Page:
- The greater the family strain, the higher the odds of chronic conditions
- Researchers did not find the same effect with romantic relationship problems
- They theorise its because relationships end and people move on
Falling out with your parents, siblings or even distant cousins may be more detrimental to your health than a row with your partner, researchers say
They say blood is thicker than water – and now researchers have uncovered proof that supports the old adage.
Falling out with your parents, siblings or distant cousins may damage your health more than falling out with your partner, a study found.
Data showed over-45s whose relationships with family members were strained faced greater risk of a stroke, back pain and headaches.
However, a break down of a romantic relationship did not have the same damaging effects.
Academics at the University of Texas Southwestern Medical Center tracked 2,802 participants for two decades. All of them took surveys asking about their relationships and health.
Questions included ‘How often do members of your family criticize you?’, and ‘How much can you rely on [your family] for help?’.
They were also asked ‘How often does your spouse or partner argue with you?’, as well as ‘How much does your spouse or partner appreciate you?’
Health was measured as ‘morbidity’, based on participants’ number of chronic conditions experienced in the past year. The paper did not indicate what all of these were.
Participants also rated their overall health on a scale of zero to five, from excellent to poor, during each of the three surveys.
We’re social creatures – in the past we always lived in packs and groups and in today’s world with pressure and demands, it’s healthy to have a sounding board to share the ups and downs of the day.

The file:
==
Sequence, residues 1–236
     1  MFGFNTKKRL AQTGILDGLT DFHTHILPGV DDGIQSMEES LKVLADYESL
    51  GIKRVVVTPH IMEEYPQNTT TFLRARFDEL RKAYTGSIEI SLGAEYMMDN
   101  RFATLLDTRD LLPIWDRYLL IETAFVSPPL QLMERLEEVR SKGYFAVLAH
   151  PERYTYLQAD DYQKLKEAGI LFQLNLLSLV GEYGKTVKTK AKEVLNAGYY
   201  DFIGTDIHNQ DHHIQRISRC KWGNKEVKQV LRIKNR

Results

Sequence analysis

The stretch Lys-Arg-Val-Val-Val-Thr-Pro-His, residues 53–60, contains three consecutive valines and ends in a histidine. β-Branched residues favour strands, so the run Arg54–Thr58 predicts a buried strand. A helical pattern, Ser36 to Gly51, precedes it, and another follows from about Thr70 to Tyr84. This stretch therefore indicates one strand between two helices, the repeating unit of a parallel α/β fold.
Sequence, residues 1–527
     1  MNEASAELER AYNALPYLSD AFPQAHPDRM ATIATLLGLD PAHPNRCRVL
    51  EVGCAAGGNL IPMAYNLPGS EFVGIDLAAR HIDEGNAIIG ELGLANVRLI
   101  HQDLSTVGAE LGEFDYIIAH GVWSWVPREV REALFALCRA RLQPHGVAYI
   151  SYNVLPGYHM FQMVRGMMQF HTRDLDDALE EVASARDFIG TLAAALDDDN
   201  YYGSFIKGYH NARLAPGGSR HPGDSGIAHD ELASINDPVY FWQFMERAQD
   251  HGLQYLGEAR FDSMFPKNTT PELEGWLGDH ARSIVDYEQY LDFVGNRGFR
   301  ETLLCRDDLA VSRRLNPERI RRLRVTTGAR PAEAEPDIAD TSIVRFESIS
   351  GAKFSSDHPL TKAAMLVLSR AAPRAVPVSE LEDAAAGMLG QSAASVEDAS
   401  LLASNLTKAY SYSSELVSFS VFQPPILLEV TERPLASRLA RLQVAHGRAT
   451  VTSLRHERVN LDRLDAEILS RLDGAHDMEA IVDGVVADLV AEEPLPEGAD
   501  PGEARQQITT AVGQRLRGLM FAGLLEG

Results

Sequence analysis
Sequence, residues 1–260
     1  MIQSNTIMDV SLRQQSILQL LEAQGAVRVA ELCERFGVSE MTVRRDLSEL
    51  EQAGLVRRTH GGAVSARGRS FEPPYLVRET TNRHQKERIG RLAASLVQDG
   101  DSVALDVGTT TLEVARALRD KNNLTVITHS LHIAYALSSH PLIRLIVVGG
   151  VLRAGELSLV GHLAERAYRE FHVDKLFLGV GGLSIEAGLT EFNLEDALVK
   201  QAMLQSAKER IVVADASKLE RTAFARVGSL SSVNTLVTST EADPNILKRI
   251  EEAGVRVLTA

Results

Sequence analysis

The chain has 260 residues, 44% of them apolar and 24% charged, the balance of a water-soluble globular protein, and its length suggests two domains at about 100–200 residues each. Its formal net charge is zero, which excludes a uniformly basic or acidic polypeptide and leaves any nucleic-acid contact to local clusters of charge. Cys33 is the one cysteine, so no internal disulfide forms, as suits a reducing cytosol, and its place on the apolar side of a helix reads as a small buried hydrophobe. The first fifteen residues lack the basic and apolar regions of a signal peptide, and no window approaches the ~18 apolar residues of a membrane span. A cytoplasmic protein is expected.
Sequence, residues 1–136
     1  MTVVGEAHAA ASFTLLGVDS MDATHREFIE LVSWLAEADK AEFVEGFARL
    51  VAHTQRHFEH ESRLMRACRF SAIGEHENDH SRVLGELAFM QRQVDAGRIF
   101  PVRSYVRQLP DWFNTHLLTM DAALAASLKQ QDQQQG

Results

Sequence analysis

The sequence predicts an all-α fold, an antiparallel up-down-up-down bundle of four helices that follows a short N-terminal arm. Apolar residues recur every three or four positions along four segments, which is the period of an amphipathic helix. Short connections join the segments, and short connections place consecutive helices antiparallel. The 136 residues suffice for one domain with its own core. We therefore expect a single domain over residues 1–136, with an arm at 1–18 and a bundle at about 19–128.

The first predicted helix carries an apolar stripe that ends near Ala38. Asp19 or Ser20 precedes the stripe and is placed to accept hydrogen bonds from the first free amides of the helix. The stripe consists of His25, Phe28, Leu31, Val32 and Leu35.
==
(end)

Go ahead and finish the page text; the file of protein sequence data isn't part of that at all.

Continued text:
In 2010, the World Health Organisation found marriage can reduce the risk of depression and anxiety and singles are more likely to suffer the blues than those who are married.
Last year, Aston Medical School in Birmingham released details of a 13-year study of one million participants and concluded that being married is better for your health than being single. Married individuals were less likely to die from conditions such as type 2 diabetes, high blood pressure and high cholesterol.
The researchers cited that one reason for improved health was the encouragement received from their partner to eat healthy, get enough exercise and take their medication. Perhaps not surprisingly, men fared even better than women.
Source: Dr Jen Nash, clinical psychologist
Dr Sarah Woods and team found a link between greater family relationship strain and the morbidity 10 years later.
In comparison, there were no significant effects of intimate partner relationships on health outcomes.
Dr Woods said: ‘We were honestly stunned there were zero associations between intimate partner emotional climate and later health.’
The authors theorised the lack of health problems caused by the breakdown of any romantic relationship is because people move-on after breaking up.
Discussing their findings, published in the Journal of Family Psychology, they also said it could be because you have known family for a much longer time.
Dr Patrician Roberson, study co-author, said: ‘The vast majority of the people in the study had living parents or siblings.
‘Thus, their relationship with a spouse or intimate partner was less likely to be as long as that of their family members.
‘Therefore, the emotional intensity of these relationships may be greater, so much so that people experience more of an effect on their health and well-being.’
Adults who already have chronic conditions may see their health worsen due to a negative family environment.
Dr Woods said: ‘This is why I encourage patients to bring supportive family members with them to their doctors’ visits and to create an open dialogue about their health conditions and concerns.
‘Having that support definitely has a significant effect on quality of life and well-being.’